Adrian L. Carper

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Urbanization is a dominant form of land-use change driving species distributions, abundances, and diversity. Previous research has documented the negative impacts of urbanization on the abundance and diversity of many groups of organisms. However, some organisms, such as bees, may benefit from moderate levels of development, depending on how development(More)
PREMISE OF THE STUDY Florivory could have direct negative effects on plant fitness due to consumption of floral organs, and indirect effects mediated through changes in traits important to pollination. These effects likely vary with plant sexual system, depending on sex- or morph-specific patterns of damage. We investigated the direct and indirect effects(More)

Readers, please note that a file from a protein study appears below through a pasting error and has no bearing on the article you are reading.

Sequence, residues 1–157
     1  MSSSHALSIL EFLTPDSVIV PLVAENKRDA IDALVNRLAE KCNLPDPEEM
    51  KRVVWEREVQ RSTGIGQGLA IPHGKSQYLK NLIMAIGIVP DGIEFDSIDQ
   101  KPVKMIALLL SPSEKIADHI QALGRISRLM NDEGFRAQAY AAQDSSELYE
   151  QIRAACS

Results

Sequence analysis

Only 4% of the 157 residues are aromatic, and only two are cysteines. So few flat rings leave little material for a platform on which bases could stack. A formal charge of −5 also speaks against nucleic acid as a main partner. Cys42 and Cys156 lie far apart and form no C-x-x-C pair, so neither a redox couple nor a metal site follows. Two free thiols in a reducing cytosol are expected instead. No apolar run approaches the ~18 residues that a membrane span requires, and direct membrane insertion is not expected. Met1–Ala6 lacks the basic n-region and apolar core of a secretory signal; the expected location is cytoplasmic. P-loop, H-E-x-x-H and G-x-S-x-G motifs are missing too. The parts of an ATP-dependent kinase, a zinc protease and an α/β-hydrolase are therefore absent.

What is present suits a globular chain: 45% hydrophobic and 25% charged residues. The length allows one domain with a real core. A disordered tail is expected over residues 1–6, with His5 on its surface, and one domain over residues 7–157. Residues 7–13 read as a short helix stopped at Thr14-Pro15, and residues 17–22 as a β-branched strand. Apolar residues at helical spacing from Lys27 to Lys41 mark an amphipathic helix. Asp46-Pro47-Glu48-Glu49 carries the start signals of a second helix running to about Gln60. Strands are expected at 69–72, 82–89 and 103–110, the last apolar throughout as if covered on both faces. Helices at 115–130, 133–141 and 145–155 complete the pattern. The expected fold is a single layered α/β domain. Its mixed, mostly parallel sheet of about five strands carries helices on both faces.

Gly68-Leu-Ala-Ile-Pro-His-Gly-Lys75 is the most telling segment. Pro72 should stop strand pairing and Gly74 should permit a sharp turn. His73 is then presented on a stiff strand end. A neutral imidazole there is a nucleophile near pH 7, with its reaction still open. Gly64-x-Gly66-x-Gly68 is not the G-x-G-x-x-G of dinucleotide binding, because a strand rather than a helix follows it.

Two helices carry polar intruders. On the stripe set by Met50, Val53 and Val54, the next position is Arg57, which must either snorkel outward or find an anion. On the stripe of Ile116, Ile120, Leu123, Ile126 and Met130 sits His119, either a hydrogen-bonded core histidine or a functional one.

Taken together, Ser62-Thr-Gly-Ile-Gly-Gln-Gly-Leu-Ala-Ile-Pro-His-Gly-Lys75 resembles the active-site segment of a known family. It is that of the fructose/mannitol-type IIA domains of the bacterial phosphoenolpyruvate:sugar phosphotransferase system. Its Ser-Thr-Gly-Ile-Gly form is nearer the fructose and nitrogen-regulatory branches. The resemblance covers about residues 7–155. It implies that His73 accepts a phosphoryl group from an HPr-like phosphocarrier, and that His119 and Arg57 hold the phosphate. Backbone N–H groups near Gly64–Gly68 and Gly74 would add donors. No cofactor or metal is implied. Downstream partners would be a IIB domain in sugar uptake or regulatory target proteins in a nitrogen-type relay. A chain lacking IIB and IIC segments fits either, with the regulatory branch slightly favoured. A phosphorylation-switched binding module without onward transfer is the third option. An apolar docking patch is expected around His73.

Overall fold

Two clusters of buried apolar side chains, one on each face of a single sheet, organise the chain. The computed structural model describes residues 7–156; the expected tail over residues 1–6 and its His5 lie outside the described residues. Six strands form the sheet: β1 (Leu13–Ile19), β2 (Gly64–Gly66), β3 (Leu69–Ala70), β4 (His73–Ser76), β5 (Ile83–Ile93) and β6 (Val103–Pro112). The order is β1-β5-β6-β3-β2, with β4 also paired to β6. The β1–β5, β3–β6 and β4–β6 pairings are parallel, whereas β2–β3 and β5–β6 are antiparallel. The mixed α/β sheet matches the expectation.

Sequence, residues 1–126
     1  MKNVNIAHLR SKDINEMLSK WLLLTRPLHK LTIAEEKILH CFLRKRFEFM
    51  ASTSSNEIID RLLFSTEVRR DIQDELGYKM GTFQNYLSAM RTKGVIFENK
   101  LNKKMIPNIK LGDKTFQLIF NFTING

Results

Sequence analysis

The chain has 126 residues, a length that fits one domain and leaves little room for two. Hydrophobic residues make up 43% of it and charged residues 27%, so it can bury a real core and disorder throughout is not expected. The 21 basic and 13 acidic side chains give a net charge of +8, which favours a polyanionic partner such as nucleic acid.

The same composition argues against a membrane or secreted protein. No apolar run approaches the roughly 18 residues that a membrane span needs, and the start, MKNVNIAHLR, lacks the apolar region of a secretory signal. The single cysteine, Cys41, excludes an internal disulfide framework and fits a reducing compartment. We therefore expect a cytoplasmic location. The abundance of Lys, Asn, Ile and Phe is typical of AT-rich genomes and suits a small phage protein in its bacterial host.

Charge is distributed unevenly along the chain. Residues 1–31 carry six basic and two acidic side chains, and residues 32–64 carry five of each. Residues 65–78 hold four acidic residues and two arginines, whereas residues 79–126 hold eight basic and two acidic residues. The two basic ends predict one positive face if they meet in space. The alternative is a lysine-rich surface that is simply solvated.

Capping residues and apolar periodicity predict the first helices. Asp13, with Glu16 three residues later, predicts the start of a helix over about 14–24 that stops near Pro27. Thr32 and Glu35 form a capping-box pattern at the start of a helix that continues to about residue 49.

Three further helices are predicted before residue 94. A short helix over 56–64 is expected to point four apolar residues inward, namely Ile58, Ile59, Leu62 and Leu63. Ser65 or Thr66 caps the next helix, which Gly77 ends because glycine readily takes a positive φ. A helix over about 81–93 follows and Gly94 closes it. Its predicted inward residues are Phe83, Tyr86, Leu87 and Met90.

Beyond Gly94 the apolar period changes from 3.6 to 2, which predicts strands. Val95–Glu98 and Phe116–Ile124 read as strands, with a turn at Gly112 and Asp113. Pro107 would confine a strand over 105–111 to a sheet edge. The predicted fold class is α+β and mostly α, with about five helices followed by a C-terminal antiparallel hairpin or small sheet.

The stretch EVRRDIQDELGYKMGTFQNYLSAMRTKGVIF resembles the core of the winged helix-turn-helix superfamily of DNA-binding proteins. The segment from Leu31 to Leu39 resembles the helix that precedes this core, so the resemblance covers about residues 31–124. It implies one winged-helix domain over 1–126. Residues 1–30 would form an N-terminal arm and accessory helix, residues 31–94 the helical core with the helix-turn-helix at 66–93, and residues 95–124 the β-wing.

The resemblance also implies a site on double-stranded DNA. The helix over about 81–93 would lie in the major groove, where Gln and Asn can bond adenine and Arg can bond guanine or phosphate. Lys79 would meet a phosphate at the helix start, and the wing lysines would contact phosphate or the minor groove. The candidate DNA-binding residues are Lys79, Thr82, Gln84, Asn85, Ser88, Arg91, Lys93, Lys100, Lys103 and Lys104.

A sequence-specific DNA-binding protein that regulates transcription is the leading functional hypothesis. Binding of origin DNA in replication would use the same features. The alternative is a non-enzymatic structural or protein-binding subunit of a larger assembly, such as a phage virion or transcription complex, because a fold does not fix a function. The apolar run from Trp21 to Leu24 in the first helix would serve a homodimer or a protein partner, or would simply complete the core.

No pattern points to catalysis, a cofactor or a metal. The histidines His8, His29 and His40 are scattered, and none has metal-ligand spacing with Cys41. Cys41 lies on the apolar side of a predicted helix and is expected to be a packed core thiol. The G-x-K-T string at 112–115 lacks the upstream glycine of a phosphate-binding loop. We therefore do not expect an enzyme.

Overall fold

Plant interactions with mutualists and antagonists vary remarkably across space, and have played key roles in the ecology and evolution of flowering plants. One dominant form of spatial variation is human modification of the landscape, including urbanization and suburbanization. Our goal was to assess how suburbanization affected plant–animal interactions(More)
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